# The Gamma Function

A student in a probability course may have evaluated an integral such as the following: $\displaystyle \int_0^\infty \displaystyle t^{x-1} \ e^{-t} \ dt$

Plug in a value for $x$ and evaluate the integral. For example, when evaluated at $x=1$, the integral has value 1. Evaluated at $x=2$, the result is also 1. Evaluated at $x=3$, the result is 2. At $x=4$, the result is 6=3!. In fact, if a student remembers a fact about this function (called the gamma function), it is that it gives the factorial when evaluated at the positive integers – the value of the integral is $(x-1)!$ when evaluated at the positive integer $x$. $\displaystyle (1) \ \ \ \ \ \Gamma(x)=\int_0^\infty \displaystyle t^{x-1} \ e^{-t} \ dt$

The gamma function is denoted by the capital Greek letter $\Gamma$. It crops up almost everywhere in mathematics. It has applications in many branches of mathematics including probability and statistics. The integral described above may seem inconsequential, no more than an exercise in an undergraduate course on probability and statistics. We give ample evidence that the gamma function is indeed very consequential, even just in the area of statistics. Our brief tour is through the gamma distribution, a probability distribution that naturally arises from the gamma function. Most of the material cited here is written in various affiliated blogs. Anyone who wants to check out the details can refer to those blogs. Links will be given at the appropriate places.

The Gamma Function

The starting point of the gamma function is that $\Gamma(x)$ is defined for $x>0$ according to the integral described above. A natural question: how do we know that the integral converges, i.e. the integral always gives a valid number as result? How do we know that the integral does not give infinity as result? The integral does converge for all $x>0$. A proof can be found here. The following is a graph of the gamma function (using Excel). As indicated above, the function gives the value of the factorial shifted down by one, i.e. $\Gamma(x)=(x-1)!$. Thus the graph of the gamma function goes up without bound as $x \rightarrow \infty$.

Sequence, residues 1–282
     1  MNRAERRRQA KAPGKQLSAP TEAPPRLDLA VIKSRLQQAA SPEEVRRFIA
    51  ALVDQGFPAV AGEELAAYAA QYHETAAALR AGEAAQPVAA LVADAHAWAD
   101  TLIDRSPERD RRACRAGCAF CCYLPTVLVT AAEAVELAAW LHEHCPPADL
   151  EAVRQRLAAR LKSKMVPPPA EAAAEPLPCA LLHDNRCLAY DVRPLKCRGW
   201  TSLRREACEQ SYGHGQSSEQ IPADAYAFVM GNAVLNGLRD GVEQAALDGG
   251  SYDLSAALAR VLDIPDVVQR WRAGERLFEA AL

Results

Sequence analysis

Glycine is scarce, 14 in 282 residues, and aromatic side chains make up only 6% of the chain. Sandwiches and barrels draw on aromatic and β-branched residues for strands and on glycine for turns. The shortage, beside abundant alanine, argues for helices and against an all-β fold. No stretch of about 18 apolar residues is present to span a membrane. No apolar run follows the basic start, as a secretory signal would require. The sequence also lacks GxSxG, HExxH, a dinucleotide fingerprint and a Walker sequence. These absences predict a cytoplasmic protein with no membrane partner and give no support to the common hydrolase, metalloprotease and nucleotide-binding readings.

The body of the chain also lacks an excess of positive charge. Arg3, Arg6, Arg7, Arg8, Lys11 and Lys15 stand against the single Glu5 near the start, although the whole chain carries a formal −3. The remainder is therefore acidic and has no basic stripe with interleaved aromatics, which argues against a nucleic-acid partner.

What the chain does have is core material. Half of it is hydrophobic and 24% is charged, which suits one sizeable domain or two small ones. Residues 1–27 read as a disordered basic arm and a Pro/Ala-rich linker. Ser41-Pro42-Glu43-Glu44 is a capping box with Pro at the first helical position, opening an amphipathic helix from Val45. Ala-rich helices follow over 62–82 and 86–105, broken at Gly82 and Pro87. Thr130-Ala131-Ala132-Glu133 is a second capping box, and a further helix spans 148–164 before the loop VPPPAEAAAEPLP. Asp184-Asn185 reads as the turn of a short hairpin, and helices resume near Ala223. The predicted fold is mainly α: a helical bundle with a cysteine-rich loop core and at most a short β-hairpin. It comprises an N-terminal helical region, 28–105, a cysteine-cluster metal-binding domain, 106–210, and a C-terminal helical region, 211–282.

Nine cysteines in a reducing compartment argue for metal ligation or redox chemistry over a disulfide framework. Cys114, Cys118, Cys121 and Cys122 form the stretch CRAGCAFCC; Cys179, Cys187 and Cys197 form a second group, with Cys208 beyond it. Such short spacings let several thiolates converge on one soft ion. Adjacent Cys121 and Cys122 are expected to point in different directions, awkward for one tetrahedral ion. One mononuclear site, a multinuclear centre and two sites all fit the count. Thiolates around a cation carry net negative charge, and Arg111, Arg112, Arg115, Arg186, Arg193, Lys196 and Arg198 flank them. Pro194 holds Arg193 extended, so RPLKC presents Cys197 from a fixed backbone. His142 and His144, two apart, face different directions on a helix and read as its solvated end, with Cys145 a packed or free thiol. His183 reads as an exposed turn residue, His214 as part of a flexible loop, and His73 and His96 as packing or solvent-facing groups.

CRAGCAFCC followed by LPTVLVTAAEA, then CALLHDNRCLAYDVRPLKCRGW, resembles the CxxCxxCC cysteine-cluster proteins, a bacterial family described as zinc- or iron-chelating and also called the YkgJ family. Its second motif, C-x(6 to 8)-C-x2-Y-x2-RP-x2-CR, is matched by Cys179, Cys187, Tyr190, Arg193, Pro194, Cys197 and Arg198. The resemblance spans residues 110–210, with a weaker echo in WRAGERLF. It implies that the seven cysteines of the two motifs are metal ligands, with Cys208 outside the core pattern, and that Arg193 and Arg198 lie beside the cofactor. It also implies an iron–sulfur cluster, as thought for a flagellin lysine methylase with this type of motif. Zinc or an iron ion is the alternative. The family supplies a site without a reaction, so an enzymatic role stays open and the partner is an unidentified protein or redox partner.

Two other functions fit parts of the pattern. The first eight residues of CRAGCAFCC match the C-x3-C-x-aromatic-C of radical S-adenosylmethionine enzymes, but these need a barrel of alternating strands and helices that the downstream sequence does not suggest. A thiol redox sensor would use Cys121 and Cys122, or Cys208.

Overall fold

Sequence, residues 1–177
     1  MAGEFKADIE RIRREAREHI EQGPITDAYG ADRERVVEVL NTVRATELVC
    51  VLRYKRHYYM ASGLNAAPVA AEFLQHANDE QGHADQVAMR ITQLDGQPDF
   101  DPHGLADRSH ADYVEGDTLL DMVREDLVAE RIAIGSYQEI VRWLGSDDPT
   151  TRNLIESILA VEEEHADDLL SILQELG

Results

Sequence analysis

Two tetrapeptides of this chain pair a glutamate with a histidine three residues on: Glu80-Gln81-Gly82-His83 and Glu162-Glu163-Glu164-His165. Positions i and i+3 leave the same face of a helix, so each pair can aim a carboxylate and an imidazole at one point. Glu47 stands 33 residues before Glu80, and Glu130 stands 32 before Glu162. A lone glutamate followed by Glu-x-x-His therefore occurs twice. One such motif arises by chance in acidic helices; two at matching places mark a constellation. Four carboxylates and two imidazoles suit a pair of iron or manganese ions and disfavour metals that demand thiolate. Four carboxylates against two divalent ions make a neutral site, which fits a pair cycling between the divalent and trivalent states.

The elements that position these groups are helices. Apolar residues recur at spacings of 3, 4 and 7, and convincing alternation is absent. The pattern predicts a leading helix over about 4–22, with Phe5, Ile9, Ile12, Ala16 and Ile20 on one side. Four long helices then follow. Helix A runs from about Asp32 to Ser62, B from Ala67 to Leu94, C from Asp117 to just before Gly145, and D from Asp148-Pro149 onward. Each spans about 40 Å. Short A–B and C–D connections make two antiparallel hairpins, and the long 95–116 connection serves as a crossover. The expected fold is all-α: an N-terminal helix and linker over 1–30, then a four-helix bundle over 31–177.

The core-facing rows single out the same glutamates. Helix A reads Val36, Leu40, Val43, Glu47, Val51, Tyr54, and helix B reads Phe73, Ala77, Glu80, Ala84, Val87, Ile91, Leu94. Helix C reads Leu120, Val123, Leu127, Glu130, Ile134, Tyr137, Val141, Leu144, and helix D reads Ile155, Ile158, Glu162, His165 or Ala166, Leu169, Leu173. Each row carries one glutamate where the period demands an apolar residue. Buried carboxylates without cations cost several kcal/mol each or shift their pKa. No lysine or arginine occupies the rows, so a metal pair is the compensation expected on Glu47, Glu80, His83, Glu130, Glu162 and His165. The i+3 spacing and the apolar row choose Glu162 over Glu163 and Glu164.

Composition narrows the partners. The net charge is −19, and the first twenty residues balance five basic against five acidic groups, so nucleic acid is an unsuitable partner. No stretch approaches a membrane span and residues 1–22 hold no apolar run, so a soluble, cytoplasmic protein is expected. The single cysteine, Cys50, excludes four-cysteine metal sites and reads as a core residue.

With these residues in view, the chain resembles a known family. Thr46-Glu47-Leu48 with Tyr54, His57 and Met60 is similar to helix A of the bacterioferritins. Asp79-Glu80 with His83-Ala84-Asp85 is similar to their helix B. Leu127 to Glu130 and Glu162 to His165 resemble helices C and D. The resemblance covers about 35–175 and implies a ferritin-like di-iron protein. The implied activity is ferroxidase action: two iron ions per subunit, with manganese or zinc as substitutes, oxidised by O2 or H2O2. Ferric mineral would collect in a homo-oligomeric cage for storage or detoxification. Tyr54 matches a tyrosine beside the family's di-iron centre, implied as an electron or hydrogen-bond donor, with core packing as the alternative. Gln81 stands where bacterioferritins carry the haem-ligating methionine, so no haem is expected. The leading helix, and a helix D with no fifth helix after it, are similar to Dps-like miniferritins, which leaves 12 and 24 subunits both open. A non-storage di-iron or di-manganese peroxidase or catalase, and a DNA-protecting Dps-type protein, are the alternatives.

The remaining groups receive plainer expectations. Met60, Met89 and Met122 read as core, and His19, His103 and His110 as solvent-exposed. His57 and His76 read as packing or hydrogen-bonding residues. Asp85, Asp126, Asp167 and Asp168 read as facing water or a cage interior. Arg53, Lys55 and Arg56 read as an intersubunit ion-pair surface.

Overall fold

It is easy to evaluate $\Gamma(1)$. To evaluate the function at the higher integers, the integral would required integration by parts. In fact, using integration by parts, the following recursive relation is established. $(2a) \ \ \ \ \ \Gamma(x+1)=x \Gamma(x)$ $\displaystyle (2b) \ \ \ \ \ \Gamma(x)=\frac{\Gamma(x+1)}{x}$

The recursive relation works for all real numbers $x>0$, not just the integers. For example, knowing that $\Gamma(\frac{1}{2})=\sqrt{\pi}$, we have $\Gamma(\frac{3}{2})=\frac{1}{2} \sqrt{\pi}$. Furthermore, the relation (2b) gives a way to extend the gamma function to the negative numbers. For example, $\Gamma(-\frac{1}{2})$ would be evaluated by $\frac{\Gamma(\frac{1}{2})}{-\frac{1}{2}}=-2 \Gamma(\frac{1}{2})$. Based on this idea, for any real number in the interval $(-1,0)$, $\Gamma(x)$ would be defined using the relation (2b) and would be a negative value.

The idea can be extended further. For example, for any real number in the interval $(-2,-1)$, $\Gamma(x)$ would be defined using the relation (2b) and would be a positive value (since the previous interval gives negative values). Continue in this same manner, $\Gamma(x)$ is defined for all negative real numbers except for the negative integers and zero. The following is a graph of the gamma function over all of the real number line.

The gamma function can also be extended to the complex numbers. Thus the gamma function is defined on all real numbers (except for zero and the negative integers) and on all complex numbers.

Gamma Distribution

We are now back to looking at the gamma function just on the positive real numbers $x>0$. Instead of using $x$ as the argument of the function, let’s use the Greek letter $\alpha$. $\displaystyle (1) \ \ \ \ \ \Gamma(\alpha)=\int_0^\infty \displaystyle x^{\alpha-1} \ e^{-x} \ dx$

Let’s look at the graph of the integrand of the gamma function defined in (1). In particular, look at $\Gamma(5)$, which is 4! = 24. The integrand would be the expression $x^4 \ e^{-x}$. Let’s graph this expression over all $t>0$.

The above graph is the graph of $y=x^4 \ e^{-x}$ for $x>0$. One thing of interest is that the area under the graph (and above the x-axis) is 24 since the gamma function evaluated at 5 is 4!. What if we divide the integrand by 24? Let’s graph the expression $y=\frac{1}{24} \ x^4 \ e^{-x}$.